Monetary policy was loose enough even before the pandemic, ever since the Great Recession of 2008. But the printing presses didn’t really go into overdrive until Covid-19 struck in 2020 and the US government decided to further support the economy with trillions of dollars. Now, we agree that the most vulnerable members of society had to be supported in those difficult times. Many others, however, did not have to.
If you go out and spend your financial aid checks on, say, jewelry, it means you didn’t need aid to begin with. According to Pandora A/S, for example, that’s precisely what went on in 2021 and the first half of 2022. So what happens when you give a lot of money to a lot of people who don’t actually need it? Well, they go out and splurge it on the first thing that caught their eye. The end-result should by now be well-known to anyone who wasn’t living in a cave the past two years: inflation.
The Federal Reserve first overreacted to the pandemic and then dragged its feet in responding to the rise in consumer prices. In less than two years, US inflation surged from under 2% to over 9%. This forced the central bank to go into damage control mode. But the Fed only sets short-term rates. The interest on long-term bonds is subject to market forces. This makes us curious to examine the 10-year government bond yield from an Elliott Wave perspective.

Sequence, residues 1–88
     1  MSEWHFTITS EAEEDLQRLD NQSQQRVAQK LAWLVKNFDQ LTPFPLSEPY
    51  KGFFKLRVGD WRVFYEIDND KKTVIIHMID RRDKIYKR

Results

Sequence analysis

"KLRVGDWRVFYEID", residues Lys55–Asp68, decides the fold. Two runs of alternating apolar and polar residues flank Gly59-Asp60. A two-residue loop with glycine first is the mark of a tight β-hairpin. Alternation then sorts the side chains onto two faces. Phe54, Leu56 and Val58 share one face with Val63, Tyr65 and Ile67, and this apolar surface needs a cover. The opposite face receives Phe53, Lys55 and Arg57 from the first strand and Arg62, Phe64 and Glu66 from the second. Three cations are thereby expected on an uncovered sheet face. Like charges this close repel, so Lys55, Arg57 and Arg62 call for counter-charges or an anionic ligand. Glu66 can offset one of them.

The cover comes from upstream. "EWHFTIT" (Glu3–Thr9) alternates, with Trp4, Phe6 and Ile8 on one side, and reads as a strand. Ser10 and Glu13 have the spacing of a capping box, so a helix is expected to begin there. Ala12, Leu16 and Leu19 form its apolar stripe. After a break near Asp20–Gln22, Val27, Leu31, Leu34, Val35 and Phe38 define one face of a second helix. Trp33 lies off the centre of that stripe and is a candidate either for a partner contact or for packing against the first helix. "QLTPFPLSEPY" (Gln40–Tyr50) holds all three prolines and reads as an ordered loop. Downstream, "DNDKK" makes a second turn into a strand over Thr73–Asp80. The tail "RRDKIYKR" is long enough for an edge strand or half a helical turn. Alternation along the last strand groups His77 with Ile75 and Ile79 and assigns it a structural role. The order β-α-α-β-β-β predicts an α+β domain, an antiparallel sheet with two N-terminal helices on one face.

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The US10Y bond yield fell to 0.3330% in March, 2020. Less than three years later now, it is hovering above 3.70%. This is a very sharp and fast increase in interest rates, which has historically been followed by a recession. If we forget about the two consecutive quarterly GDP declines at the start of 2022, a recession has so far not occurred.
The interesting part is that the yield on the US10Y bond seems to be forming an Elliott Wave structure. It looks like an incomplete five-wave impulse, labeled 1-2-3-4-5. Wave (3) is the extended one and its five sub-waves are also visible. If this count is correct, we can expect a couple of rallies in waves (v) of 3 and 5, interrupted by a wave 4 dip in between.
Fifth waves usually exceed the end of the corresponding third wave. So if wave (v) exceeds the top of wave (iii) and then wave 5 exceeds the top of wave 3, we arrive at bullish targets in the 5% area. Once there, however, the impulse pattern would be complete and it would be time for a notable three-wave correction. A drop back to roughly 2.50% for the US10Y bond yield should not be a surprise.
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